33. Risk Assessment:What Should We Ask? HOW Prevention Methods • Ask about HIV status of sex and/or injection partners… “Talk to me about the HIV status of your partners” “How do you protect your partners and yourself during sex?” • Ask about condoms “What’s your experience been with condom use?” • Ask about drug-injection equipment… “How do you make sure your works are clean?” Handout 3

  34. Communication Skills Answers about sex practices and drug-related behaviors may need clarification “I’m not sure what you mean, could you explain..?” • Make no assumptions “Have you had sex with anyone other than your main partner?” • Use normalizing statements “Many patients I talk to say they have trouble using condoms….what about you?”

  35. Skills Practice:GATHERING THE INFORMATION • Practice the essential elements of a brief behavioral risk screening • Introduce the topic • Cover WHO, WHAT, and HOW • Begin with open-ended questions • Use closed-ended questions to gather more specific information • Use normalizing statements to encourage the patient to talk

  36. Interact! • WHO Gender and number of partners • WHAT Vaginal, anal, oral sex • HOW Prevention of HIV transmission

  37. Skills Practice:DEBRIEFING • What opening question did you use? • What information was obtained about WHO, WHAT and HOW? • What was challenging?

  38. Effective HIV Prevention in Routine Care Ask Intervene Screen

  39. Screening vs. Diagnostic Testing Diagnostic Testing • Goal: to identify the etiology of the problem Screening • Goal: test apparently healthy people to find those who may be infected • Patient is asymptomatic!

  40. Majority of Rectal Infections in MSM are Asymptomatic Rectal Infections 86% 84% Asymptomatic Gonorrhea Chlamydia Symptomatic n=316 n=264 Urethral Infections 10% 42% Chlamydia Gonorrhea n=315 n=364 Kent et al, CID, 2005.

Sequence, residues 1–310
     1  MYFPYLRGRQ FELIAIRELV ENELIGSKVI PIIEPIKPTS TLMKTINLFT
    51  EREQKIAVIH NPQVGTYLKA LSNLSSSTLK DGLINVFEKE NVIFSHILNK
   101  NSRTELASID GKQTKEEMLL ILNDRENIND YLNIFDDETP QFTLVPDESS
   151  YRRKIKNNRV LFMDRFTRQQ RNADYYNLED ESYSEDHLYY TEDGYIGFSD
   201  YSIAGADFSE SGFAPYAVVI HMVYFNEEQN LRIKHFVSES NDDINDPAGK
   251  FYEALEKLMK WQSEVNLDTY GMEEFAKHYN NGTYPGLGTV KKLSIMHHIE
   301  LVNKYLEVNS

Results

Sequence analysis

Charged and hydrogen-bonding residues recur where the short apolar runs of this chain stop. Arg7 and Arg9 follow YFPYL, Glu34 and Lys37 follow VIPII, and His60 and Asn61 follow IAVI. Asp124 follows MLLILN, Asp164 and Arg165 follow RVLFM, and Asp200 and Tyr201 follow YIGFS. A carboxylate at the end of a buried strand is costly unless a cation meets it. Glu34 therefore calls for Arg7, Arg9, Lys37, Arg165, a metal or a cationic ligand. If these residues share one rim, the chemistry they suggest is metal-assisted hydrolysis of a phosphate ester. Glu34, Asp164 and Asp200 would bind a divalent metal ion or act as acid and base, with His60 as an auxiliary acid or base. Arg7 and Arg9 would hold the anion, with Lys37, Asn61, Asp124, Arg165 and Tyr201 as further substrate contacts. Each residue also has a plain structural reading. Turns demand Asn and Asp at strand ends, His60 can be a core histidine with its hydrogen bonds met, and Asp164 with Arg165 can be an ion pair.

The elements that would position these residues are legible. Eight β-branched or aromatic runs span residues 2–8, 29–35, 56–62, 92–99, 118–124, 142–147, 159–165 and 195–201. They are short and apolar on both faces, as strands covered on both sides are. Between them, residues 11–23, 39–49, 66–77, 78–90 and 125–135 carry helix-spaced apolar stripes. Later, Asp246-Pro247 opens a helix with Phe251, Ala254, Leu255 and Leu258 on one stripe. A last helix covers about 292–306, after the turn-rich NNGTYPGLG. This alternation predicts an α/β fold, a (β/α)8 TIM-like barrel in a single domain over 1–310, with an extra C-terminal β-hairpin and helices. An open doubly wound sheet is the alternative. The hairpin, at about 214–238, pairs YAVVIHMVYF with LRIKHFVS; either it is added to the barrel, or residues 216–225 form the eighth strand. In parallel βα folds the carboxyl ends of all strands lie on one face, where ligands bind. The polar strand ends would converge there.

41. Proportion of CT and GC infections MISSED among 3398 asymptomatic MSM if screening only urine/urethral sites, San Francisco, 2008-2009 Chlamydia Gonorrhea Marcus et al, STD Oct 2011; 38: 922-4

  42. Providers’ Questions About Screening • Do I need to treat if asymptomatic? • How often? • What tests? • What anatomic sites? • Do I need to treat patient’s sex partners? • How much time? • Reimbursement concerns

  43. STD Screening Recommendations: HIV-positive Men & Women * * Screen at least annually; repeat screening every 3-6 months as indicated by risk. Consider anal Pap screening for MSM. Handout 4 Primary Care Guidelines for the Management of Persons Infected with HIV,CID, 2009.

  44. Culture is approved, but not widely available NAATs not FDA-cleared for rectal or pharyngeal specimens Validation procedures can be done by labs to allow use of a non-FDA-cleared test or application Two commercial labs (Quest & LabCorp) have validated NAATs, and can provide GC/CT collection kits for rectal/pharyngeal specimens Chlamydia and Gonorrhea: Rectal and Pharyngeal NAAT Testing

  45. Optional Slides, STD Screening Slides 47-60

  46. STD Screening: FIRST VISIT, ALL HIV-INFECTED PATIENTS • Ask about STD symptoms • Syphilis serology • Hepatitis A/B/C tests • Vaccinate as indicated • Consider type-specific antibody test, if herpes status is unknown 2009 HIVMA Primary Care GuidelinesCDC, STD Treatment Guidelines, 2010. Handout 4

  47. STD Screening: FIRST VISIT, HIV-INFECTED MEN • Chlamydia • Urine specimen for insertive sex • Rectal swab specimen, if report receptive anal sex • Gonorrhea • Urine specimen for urethral infection • Rectal swab specimen, if report receptive anal sex • Pharyngeal swab specimen, if report receptive oral sex 2009 HIVMA Primary Care GuidelinesCDC, STD Treatment Guidelines, 2010. Handout 4

  48. STD Screening: FIRST VISIT, HIV-INFECTED WOMEN • Chlamydia • Vaginal or cervical swab, or urine specimen • Rectal specimen, if receptive anal sex • Gonorrhea • Vaginal or cervical swab, or urine specimen • Rectal and pharyngeal specimens, if receptive anal or oral sex • Trichomoniasis • Vaginal wet mount, or POC test for T. vaginalis • Pregnancy • LMP, current pregnancy, interest in future pregnancy, need for contraception Handout 4 Aberg et al, CID, 2009. CDC, STD Treatment Guidelines, 2010.

  49. STD Screening: SUBSEQUENT VISITS • Annual testing • All sexually active MSM (Syphilis, CT, GC) • Women thru age 25 (CT and GC) • Women over age 25: based on risk • Routine testing of all MSW is not recommended • More frequently in MSM (every 3-6 months) depending on risk: • Multiple or anonymous sex partners • Sex or needle-sharing partner with above risks • Methamphetamine or other drug use • All patients with GC and CT should be retested in 2 months after treatment Handout 4 Aberg et al, CID, 2009. CDC, STD Treatment Guidelines, 2010.